Better late than never. Google plans to debut a smartwatch next year, making a foray into a space dominated by the six-year-old Apple Watch brand, Insider reported Thursday citing anonymous sources and internal documents. The product would mark a shift in approach for Google, which has opted to sell smartwatch software to manufacturers instead of producing a company-branded product. Google executives have not yet decided whether to brand the product under the Pixel or Android banners, but they do not intend to market it as a FitBit product after recently acquiring that company.

A message to China and Russia. The U.S. government is building a coalition of 100-plus democratic countries that would work to curb exports of surveillance technology that authoritarian governments could use to violate basic human rights, The Wall Street Journal reported Thursday. The partnership follows international sales of spy technology to countries that have used the exports to surveil political dissidents, religious groups, and journalists, among others. Most notably, U.S. companies have provided equipment to China that has contributed to human rights abuses in the Xinjiang region, where Uyghurs and other Muslim groups are targeted based on their religion. The nations are expected to create a code of conduct for export-licensing policies and increase information-sharing on sensitive technologies.

Keep enjoying that work-from-home life. Google has scrapped its requirement that all employees must return to their offices in mid-January, opting instead to reassess plans after the new year, CNBC reported. Google officials said they still encourage staff members to return to company buildings, about 90% of which are open, where public health conditions allow. For now, Google is allowing leaders of local outposts to determine back-to-office timelines, with help from company officials focused on health risks.


Avocado companies want your data. As Big Tech outfits empower more users to limit corporate access to their personal information, product producers are increasingly taking matters into their own hands. The Wall Street Journal reported that avocado retailers, breweries, and soft drink purveyors, among many others, are instituting creative ways to get customers to fork over their info. It’s not an easy task for many companies lacking the marketing staff and technical know-how to gather troves of data about their customers.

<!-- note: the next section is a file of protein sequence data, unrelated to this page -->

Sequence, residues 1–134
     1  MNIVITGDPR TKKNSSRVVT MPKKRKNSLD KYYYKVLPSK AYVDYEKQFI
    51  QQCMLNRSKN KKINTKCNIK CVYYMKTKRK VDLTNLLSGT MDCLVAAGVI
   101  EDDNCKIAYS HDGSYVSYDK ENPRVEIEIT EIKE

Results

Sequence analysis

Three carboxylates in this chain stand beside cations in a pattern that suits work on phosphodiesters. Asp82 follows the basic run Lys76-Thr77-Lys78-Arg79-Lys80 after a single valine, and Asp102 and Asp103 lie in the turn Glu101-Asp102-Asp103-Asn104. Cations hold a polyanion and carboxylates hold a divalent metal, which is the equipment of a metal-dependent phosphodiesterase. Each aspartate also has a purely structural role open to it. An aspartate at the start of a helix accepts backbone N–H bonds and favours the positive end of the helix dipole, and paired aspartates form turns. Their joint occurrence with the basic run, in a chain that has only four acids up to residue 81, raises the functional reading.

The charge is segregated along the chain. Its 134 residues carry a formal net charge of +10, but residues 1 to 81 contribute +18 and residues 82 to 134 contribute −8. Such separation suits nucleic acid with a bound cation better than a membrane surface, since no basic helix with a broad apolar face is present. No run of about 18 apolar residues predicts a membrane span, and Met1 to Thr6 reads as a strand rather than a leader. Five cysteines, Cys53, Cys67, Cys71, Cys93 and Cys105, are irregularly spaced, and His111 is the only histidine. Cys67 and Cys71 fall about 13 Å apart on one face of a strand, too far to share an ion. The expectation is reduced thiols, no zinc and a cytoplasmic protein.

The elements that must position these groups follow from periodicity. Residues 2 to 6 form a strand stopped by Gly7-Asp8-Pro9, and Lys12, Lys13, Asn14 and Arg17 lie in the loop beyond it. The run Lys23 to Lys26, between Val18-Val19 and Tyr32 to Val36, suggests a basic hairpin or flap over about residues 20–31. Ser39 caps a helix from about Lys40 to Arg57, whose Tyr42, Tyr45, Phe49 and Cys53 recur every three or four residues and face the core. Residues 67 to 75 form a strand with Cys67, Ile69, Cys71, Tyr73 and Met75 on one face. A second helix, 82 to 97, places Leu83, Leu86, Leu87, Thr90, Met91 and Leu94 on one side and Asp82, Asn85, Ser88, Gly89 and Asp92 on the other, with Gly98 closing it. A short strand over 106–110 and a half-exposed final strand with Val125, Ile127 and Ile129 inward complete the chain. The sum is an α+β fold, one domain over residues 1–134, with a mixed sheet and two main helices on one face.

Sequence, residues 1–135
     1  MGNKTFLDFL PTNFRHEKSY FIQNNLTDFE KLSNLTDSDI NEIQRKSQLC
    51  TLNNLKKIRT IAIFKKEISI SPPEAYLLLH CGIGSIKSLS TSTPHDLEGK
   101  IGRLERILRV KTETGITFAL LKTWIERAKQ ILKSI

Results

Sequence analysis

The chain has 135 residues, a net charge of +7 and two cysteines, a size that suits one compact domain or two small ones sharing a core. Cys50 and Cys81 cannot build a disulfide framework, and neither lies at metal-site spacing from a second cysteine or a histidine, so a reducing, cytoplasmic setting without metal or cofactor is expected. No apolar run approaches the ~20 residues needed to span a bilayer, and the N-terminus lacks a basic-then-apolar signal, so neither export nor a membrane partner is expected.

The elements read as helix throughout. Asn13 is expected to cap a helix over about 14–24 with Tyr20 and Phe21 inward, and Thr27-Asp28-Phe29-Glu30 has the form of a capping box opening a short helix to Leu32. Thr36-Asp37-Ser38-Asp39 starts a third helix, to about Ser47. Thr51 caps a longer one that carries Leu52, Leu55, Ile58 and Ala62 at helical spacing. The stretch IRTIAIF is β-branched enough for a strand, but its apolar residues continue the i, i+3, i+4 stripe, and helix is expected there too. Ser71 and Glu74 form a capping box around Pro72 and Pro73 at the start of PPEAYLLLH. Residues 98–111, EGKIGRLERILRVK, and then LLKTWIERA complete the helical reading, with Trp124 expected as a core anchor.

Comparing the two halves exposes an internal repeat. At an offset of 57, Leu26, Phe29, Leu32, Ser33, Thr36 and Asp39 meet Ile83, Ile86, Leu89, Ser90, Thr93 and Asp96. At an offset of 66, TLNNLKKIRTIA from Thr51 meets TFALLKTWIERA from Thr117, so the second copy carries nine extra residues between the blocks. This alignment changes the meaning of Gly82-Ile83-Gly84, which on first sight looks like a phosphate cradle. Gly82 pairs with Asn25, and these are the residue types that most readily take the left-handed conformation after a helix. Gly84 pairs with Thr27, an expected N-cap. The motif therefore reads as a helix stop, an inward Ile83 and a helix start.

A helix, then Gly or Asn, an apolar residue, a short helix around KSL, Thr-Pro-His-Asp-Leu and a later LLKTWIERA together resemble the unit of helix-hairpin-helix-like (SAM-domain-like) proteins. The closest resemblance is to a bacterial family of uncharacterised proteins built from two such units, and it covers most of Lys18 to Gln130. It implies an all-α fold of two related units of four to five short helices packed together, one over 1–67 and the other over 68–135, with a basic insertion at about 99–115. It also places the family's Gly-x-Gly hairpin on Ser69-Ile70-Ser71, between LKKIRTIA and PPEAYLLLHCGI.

From the article:

Until now, most advertisers have depended heavily on data from business partners, including tech giants and ad-technology firms, to determine how to focus their ads. But all of the traditional tactics are under assault.

Apple Inc. rolled out a change on its devices this year that restricts how users can be tracked. Google is planning a similar push for its popular Chrome browser. New privacy laws in California and Europe are adding to the squeeze on data.

So brands are deploying an array of tactics to persuade users to surrender data to the brand itself—loyalty programs, sweepstakes, newsletters, quizzes, polls and QR codes, those pixelated black-and-white squares that have become ubiquitous during the pandemic.


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Square’s evolution to Block signals Jack Dorsey’s grand designs on decentralization, by Rey Mashayekhi

Ambient computing is subtly—and powerfully—changing how we use technology, by Dan Catchpole

Elizabeth Holmes’ handwritten note says a lot about how she believed she had to present herself as a CEO, by Felicia Hou


Turbo-Man for the 21st century. In a story straight out of the Sinbad-Arnold Schwarzenegger classic Jingle All the Way (can you believe it turns 25 this year?), the video game console shortage this holiday season is turning the supply-and-demand market into overdrive. Holiday shoppers are battling with bots and scalpers to get their hands on Xbox Series X and PlayStation 5 devices, The New York Times reported. In a true sign of the (end?) times, an unemployed journalist who started feverishly tweeting this year about video game shipments saw his follower count increase from 21,000 to more than 1 million. Happy hunting.